ATTENTION: THIS IS AN APRIL FOOLS JOKE. TO MY KNOWLEDGE LEONARDO DA VINCI NEVER CARVED A PINK FLAMINGO. DON FEATHERSTONE IS NOT THE SPOKESMAN FOR THE GOWK OBSERVATORY(I DON’T EVEN THINK THERE IS ONE), HE IS THE DESIGNER OF THE PINK FLAMINGO AND WORKED FOR A COMPANY IN LEOMINSTER MASSACHUSETTS.
There are references to the true story of the Pink Flamingo and April Fools Day all through this article, all drawn from Wikipedia. I didn’t mean to insult anyone(especially Mr. Da Vinci) and I hope you enjoyed it. The idea of Leonardo carving a pink flamingo was just too funny to pass up, so I saved it for April 1. I promise everything on this blog during the rest of the year is true and beg your indulgence for this single day of the year.
I can’t believe what I’m about to tell you. To honor the 500th anniversary of Leonardo da Vinci‘s death on April 1, 1512 at the Gowk Conservatory of the Arts in Atlanta will unveil a previously unseen da Vinci sculpture. The spokesman, Mr. D. Featherstone, said the Gowk Conservatory would display Leonardo’s last sculpture beginning on February 29, 2013. This is a piece of garden sculpture done by the Renaissance master just before he died in 1512. It was a commission for the visiting Persian diplomat Sizdah Bedar.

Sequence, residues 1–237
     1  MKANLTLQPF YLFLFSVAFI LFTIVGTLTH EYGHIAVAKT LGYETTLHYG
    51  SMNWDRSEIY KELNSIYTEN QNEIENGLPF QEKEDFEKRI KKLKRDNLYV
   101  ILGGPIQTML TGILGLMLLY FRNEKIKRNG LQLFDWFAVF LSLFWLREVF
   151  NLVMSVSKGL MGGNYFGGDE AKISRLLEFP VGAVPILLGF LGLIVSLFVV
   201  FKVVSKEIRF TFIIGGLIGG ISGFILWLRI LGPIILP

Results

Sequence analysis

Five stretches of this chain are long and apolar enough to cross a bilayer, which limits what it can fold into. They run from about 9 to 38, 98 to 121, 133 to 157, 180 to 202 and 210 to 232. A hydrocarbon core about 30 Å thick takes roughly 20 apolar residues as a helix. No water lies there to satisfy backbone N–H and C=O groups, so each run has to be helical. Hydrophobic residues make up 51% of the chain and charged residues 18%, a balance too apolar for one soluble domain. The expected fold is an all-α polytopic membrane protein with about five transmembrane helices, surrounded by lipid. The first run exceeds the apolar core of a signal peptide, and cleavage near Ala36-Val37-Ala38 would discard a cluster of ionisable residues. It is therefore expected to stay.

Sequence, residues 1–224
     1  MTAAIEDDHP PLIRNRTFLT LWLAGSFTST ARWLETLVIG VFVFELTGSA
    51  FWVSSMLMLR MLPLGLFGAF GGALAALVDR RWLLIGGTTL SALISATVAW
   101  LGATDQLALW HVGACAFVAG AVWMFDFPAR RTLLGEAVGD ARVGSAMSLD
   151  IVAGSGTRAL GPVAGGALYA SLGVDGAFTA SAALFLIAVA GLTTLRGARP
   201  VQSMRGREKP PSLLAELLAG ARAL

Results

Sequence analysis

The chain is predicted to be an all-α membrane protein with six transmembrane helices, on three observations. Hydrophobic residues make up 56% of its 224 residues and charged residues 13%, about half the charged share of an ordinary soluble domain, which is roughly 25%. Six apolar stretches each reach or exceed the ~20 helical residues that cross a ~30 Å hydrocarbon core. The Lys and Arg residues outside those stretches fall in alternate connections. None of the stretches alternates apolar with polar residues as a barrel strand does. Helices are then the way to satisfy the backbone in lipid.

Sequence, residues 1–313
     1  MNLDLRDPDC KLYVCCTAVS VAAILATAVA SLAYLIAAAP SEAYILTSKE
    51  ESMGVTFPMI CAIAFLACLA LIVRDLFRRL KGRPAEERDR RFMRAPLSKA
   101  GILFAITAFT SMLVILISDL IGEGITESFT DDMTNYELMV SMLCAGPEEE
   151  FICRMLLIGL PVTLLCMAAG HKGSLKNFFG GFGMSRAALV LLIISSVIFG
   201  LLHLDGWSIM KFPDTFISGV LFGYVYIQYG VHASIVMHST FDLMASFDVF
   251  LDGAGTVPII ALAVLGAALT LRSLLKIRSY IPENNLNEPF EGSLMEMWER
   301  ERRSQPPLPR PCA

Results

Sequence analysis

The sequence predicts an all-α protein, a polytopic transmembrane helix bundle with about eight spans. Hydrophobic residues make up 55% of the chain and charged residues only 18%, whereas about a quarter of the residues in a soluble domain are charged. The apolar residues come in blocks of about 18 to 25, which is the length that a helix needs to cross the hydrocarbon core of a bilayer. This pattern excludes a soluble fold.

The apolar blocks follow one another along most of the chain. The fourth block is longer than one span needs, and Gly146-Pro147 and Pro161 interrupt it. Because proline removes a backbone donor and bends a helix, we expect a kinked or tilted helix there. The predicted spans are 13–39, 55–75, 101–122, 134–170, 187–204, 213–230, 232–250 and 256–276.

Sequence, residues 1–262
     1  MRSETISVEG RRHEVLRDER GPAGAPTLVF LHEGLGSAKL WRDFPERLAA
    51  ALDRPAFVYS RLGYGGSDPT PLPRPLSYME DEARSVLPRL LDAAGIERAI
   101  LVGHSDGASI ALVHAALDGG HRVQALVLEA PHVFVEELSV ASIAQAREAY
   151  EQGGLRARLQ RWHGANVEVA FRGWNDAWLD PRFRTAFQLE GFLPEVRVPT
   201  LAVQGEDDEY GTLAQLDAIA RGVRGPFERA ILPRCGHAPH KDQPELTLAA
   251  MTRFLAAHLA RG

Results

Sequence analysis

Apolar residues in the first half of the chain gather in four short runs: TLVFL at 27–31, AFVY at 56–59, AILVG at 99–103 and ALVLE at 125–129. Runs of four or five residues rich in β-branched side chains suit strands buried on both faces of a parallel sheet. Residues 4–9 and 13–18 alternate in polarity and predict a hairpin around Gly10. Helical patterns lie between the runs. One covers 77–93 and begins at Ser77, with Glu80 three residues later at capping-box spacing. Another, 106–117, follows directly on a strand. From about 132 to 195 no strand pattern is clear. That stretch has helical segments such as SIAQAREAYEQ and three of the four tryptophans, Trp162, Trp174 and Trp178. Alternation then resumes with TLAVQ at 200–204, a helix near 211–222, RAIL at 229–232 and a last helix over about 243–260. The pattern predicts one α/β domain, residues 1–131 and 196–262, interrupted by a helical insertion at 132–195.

According to the Conservatory’s press release the sculpture is a marble flamingo that stands about five feet tall. The elegant statue depicts the bird sleeping, standing on one foot. Experts at the Conservatory studying the statue have discovered remains of purplish-red pigment that originally decorated it. The statue was never delivered to its customer but displayed in front of the Leominster palace of Francis the First. It disappeared shortly thereafter and the whereabouts unknown for years. Finally it was rediscovered in 1979 in the basement of Bascom Hall on the Madison campus of the University of Wisconsin. Since then it has been stored at Union Hall in Leominster, Massachusetts. When Union Hall changed hands in 2007 the statue was bought and eventually will be seen next year.